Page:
An economics professor on the mysterious world of cannabis real estate

Cannabis entrepreneurs know what to do with cannabis. They know what to get when a customer walks in. They know where to go to store prices and merchandise. But they don’t know how to…

An economics professor on the mysterious world of cannabis real estate

Cannabis entrepreneurs know what to do with cannabis. They know what to get when a customer walks in. They know where to go to store prices and merchandise. But they don’t know how to navigate the financials of their businesses. They don’t know how to make money.

We’re told the pot flower business goes like this: “Pay the taxes. Hang with the accounting firm. Buy the licensed product. Move on.

The edibles side, however, is different.

So people such as Gallaudet University economist Daniel Gomez have a tough time comprehending recent real estate transactions in Potomac, a Maryland suburb in Prince George’s County — or why Potomac neighbors Bethesda, Washington, and Arlington.

Just to sum it up, Gomez estimates that one cannabis firm based on Potomac had about $1.3 million in revenue last year, and spent about $1.8 million on leased office space. This week, the company’s landlord put up for lease the entirety of the building, worth about $300,000 per year. Meanwhile, a tenant had moved in five months ago, and the landlord just said, “Oh well, we think it’s time to rid ourselves of this tenant and bring a medical cannabis facility in.”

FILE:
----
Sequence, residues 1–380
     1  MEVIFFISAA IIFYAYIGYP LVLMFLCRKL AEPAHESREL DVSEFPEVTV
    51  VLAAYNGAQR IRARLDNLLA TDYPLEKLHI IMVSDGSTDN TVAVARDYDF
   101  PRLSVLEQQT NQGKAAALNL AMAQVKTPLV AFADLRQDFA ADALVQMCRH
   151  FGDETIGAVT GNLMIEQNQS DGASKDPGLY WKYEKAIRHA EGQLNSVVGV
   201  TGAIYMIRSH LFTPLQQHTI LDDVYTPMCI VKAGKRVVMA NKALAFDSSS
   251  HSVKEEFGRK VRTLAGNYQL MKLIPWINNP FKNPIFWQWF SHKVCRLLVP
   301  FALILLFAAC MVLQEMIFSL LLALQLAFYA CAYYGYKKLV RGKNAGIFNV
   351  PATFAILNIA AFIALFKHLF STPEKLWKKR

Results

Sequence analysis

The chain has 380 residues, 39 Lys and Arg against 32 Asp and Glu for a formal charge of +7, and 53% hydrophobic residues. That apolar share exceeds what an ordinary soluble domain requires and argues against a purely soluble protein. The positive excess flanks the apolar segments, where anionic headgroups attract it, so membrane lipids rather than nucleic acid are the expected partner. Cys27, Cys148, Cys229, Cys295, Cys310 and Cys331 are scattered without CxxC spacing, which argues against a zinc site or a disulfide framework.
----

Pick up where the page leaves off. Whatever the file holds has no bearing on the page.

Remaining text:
For the owner of the Building Service Company, which put the building up for rent, there is this nightmare scenario:

If you build something, someone will come along and tear it down. It’s as simple as that. Imagine if I put up a building that was ultimately a million-dollar investment, and someone was going to tear it down right after I moved in and buy the land a few acres away and build a warehouse. That doesn’t work. Even if someone rents it and thinks it’s an asset, is that really an asset?

Gomez’s problem: As a study last year from the National Academies said, it’s time to begin studying the industry. But how to research and assess businesses? That’s “so not sexy,” says Gomez. At this point, he notes, the industry is entirely unregulated by federal law, the Cannabis Tax Act and related state laws have been found unconstitutional, and he says you’re unsure what taxes are already taxed, especially if the taxes are not collected in hard-to-price inventory such as flowering buds.

You can’t even have an independent accounting firm look at the rent, Gomez says, because the landlord doesn’t know what other, bigger accounting firms are charging.

At Gallaudet, Gomez is focusing on another batch of real estate transactions around northern Virginia. “There is a lot of variation,” he says.

He suspects that as the Trump administration pushes forward with hard-line positions on marijuana, regulatory pressure will increase. And that means landlords might become more aggressive.

“From a behavior perspective, it would make sense,” Gomez says. “I would think that landlords would be more motivated to move in and try to acquire these large medical marijuana facilities that were being held by other tenants.”

After all, Gomez says, a medical marijuana system is no longer hypothetical. States will learn. And as Gomez notes, the market will determine how many pot shops survive on local streets.

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